For a beautiful beach experience, head to Ogunquit Beach, complete with its own gay area.This sandy beach is ideal for picnics, sunset viewing, and night beaching. (Just be out by 11pm.) Nearby at Jackie’s Too, dine on fresh seafood like their “Fresh Broiled Haddock” or the “Pasta Primavera” while surrounded by unforgettable ocean views.
For a laid-back local meal, head to Bessie’s, a town staple, which is always busy with hungry locals and queer travelers. Looking for classic seafood quick eats? Barnacle Billy's is a town favorite.Two words: Lobstah. Roll. And for your sweet tooth, head to the famed Bread and Roses Bakery, because everyone deserves a good pie.
Ogunquit is great for families too! Treat your family to a show at the Ogunquit Playhouse for a special night of musical theater.Jersey Boys plays for a month starting May 15.What’s gayer and more wholesome than that?
If you came to party, Options has your back. Start on Maine Street, the gay epicenter of Ogunquit brims with options for everyone. Check out The Front Porch for a sleek, fine-dining experience featuring a modern piano bar. At The Old Village Inn, mingle and dine with locals while enjoying live entertainment.The town shuts down at 1am though, so make sure to head out early.
Seeking exploration and pretty views? Looking for a good place for an Instagram pic? Or both? Go to the Nubble Lighthouse, because could you ever go to Maine without visiting a lighthouse? For another type of pretty view, catch a film at the famed Levitt Theatre, which has stood independently for almost 100 years.
FIRE ISLAND, NY
I know,I know.Popular to contrary belief, New York is not Rhode Island, therefore strictly not a “New England getaway” as mentioned earlier. But it goes without saying that a major destination for a queer vacation is the historic and unique Fire Island, which sits pretty off the south coast of Long Island, NY. Fire Island is unlike anywhere else. Going to the island is often described as a queer pilgrimage. Have you made the journey yet?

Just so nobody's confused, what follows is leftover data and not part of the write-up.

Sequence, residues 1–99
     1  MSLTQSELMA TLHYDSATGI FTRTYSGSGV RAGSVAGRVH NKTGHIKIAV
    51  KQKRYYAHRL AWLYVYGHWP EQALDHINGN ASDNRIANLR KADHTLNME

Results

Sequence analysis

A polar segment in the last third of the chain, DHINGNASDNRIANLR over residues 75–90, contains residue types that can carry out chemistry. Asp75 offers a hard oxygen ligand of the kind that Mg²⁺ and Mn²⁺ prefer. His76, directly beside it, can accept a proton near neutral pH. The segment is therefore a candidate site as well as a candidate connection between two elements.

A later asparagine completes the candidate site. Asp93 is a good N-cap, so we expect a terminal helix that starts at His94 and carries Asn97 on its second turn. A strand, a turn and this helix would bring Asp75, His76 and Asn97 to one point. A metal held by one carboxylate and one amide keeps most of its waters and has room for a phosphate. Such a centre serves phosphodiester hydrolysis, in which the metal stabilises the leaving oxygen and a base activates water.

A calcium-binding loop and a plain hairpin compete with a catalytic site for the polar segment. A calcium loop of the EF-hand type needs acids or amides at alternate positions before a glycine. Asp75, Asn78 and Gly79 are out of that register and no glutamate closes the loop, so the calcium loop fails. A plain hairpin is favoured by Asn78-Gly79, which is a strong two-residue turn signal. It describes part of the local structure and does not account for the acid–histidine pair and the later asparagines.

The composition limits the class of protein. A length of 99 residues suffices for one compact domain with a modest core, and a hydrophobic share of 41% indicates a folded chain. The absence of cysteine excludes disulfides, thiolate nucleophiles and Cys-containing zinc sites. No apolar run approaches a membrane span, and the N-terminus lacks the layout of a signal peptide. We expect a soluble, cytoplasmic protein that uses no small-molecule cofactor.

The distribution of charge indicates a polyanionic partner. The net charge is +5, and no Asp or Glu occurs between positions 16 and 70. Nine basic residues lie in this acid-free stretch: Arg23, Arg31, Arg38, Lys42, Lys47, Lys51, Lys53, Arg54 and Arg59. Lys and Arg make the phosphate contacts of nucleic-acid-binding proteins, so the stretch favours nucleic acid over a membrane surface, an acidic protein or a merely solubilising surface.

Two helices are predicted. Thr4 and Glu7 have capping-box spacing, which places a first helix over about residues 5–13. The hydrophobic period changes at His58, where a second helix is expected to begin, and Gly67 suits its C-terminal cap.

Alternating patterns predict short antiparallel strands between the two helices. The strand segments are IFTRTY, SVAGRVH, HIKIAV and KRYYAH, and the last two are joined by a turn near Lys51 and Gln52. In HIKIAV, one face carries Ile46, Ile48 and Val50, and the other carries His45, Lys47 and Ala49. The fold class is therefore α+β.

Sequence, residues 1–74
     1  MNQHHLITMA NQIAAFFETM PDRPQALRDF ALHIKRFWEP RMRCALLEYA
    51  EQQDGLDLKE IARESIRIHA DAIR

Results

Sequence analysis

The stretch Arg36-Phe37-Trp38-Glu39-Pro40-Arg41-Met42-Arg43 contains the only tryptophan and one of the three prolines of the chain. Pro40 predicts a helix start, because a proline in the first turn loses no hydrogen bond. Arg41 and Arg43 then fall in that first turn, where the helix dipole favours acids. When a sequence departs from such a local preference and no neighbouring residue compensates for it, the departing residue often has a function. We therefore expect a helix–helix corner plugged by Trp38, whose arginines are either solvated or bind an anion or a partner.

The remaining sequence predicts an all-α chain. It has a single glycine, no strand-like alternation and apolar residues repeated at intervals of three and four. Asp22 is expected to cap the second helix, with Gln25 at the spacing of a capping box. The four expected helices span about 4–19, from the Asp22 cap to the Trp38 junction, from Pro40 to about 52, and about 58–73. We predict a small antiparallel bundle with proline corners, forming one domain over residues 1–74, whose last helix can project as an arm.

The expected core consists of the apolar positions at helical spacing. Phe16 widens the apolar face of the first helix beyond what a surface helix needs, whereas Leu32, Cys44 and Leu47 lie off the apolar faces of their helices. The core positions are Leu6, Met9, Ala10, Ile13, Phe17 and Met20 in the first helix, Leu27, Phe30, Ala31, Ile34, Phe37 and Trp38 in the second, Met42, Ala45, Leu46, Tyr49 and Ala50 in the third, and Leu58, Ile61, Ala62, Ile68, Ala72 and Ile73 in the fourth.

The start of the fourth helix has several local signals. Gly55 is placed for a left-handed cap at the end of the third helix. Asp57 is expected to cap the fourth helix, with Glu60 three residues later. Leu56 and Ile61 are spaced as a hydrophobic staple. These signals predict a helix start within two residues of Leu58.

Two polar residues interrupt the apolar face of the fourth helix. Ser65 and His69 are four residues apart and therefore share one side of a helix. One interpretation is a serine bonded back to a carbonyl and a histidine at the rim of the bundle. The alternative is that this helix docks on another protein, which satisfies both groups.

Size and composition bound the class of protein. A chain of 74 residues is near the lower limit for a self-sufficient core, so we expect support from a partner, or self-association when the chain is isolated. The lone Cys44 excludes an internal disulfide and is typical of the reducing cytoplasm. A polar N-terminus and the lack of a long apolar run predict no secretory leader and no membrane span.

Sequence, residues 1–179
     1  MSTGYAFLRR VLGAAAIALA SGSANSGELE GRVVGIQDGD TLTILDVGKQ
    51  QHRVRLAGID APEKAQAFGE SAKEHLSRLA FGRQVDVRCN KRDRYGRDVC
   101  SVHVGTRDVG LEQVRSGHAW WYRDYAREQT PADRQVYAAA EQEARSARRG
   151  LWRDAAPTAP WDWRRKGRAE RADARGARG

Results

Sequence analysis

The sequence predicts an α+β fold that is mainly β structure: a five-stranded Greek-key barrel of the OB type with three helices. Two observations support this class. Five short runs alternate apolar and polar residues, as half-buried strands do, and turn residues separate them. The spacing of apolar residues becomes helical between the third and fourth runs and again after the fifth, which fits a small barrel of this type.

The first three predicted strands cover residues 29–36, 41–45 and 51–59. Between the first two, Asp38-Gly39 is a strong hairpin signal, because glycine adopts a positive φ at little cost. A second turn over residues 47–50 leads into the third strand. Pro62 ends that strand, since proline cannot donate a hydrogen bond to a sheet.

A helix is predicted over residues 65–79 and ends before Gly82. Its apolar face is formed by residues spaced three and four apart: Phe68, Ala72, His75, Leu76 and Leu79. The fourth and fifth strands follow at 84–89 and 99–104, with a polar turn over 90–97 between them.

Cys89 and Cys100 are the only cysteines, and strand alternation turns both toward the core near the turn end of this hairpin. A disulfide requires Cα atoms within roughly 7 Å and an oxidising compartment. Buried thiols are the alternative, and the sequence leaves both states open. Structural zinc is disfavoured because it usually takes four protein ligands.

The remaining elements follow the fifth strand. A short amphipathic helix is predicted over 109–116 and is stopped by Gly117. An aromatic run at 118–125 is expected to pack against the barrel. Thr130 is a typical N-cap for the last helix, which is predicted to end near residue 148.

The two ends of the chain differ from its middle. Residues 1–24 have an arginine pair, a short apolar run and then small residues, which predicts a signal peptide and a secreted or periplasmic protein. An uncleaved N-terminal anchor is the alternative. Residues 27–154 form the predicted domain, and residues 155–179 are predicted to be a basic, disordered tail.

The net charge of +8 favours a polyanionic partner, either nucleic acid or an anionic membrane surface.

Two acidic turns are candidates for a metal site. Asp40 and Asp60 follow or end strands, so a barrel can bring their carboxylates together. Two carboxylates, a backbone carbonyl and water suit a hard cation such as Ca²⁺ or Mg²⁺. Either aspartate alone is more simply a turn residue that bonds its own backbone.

Fire Island’s most popular LGBTQ villages areThe Pines and Cherry Grove.Each village has its own distinct welcoming vibe. The Pines is popular with gay professionals and party boys, while the Grove attracts a more diverse crowd, in all aspects. Both communities are joined by a strip of forest known as “the Meat Rack,” for the exact frisky reasons you are thinking. Both villages are full of outstanding views, decadent food, and a strong and supportive LGBTQ scene.
THINGS TO DOONFIREISLAND
It’s unlikely you’d want to stay on Fire Island for less than a day, so it is wise to plan ahead for a hotel. Stay at the Fire Island Hotel and Resort near Ocean Bay Park.This resort dates back to the 1900s and is a favorite among visitors to Fire Island. Complete with a pool and cafe, it’s perfect for iced coffees and sunbathing. If nudity is more your thing, Cherry Grove’s Belvedere Guest House is the only clothing-optional resort on the island. Exclusively for men, this guest house is large, and it boasts rooftop terraces and a deck by the ocean for mingling with other guests.
On Fire Island, visiting a state park is necessary to see the mesmerizing sights of the island. Hike the trails in the sunshine at the Sunken Forest State Park, discover the different varieties of plants and animal life at the National Shore. If you’re traveling as a family,the Robert Moses State Park is perfect for beach picnics. It also has a playground and pitch-and-putt golf for a fun afternoon for the whole family.
Fire Island has many notable restaurants to choose from. For elegant and upscale island dining, the Pines Bistro & Martini Bar is your place to go. If you prefer a meal outdoors, Island Breeze is for you.The Blue Whale is a Fire Island food destination you can’t miss.A casual spot with a eclectic menu, the restaurant is a frequent spot for parties, too, as it turns into a club at nighttime.
The club and bar options on Fire Island are endless. After restaurant hours, The Blue Whale opens up for its notable Low Tea, where it holds themed parties and serves cheap drinks. Other party spots are Ice Palace and the Pavillion. Ice Palace has been a famed Fire Island staple since the 1950s. Equally great for dancing and people watching, Ice Palace is endlessly popular. Pavillion is a sleek party spot that hosts a variety of parties, featuring a host of famous DJs.
Maybe you’ve already conquered Provincetown, Ogunquit, and Fire Island. Fortunately there are plenty of LGBTQ- friendly towns in our the region. Explore the lesbian mecca that is Northampton, the bumping nightclubs of Boston, or the general queer-friendliness of Portland, ME. Whether you stick with New England, or make the venture out to Long Island, explore out of your comfort zone and get out there!
Nubble Lighthouse by Barbara McDevitt
Charlotte Abotsi is Options Magazine’s intern and a senior at Rhode Island College where she serves as senior copy editor for The Anchor. She leads Providence Poetry Slam twice monthly at AS220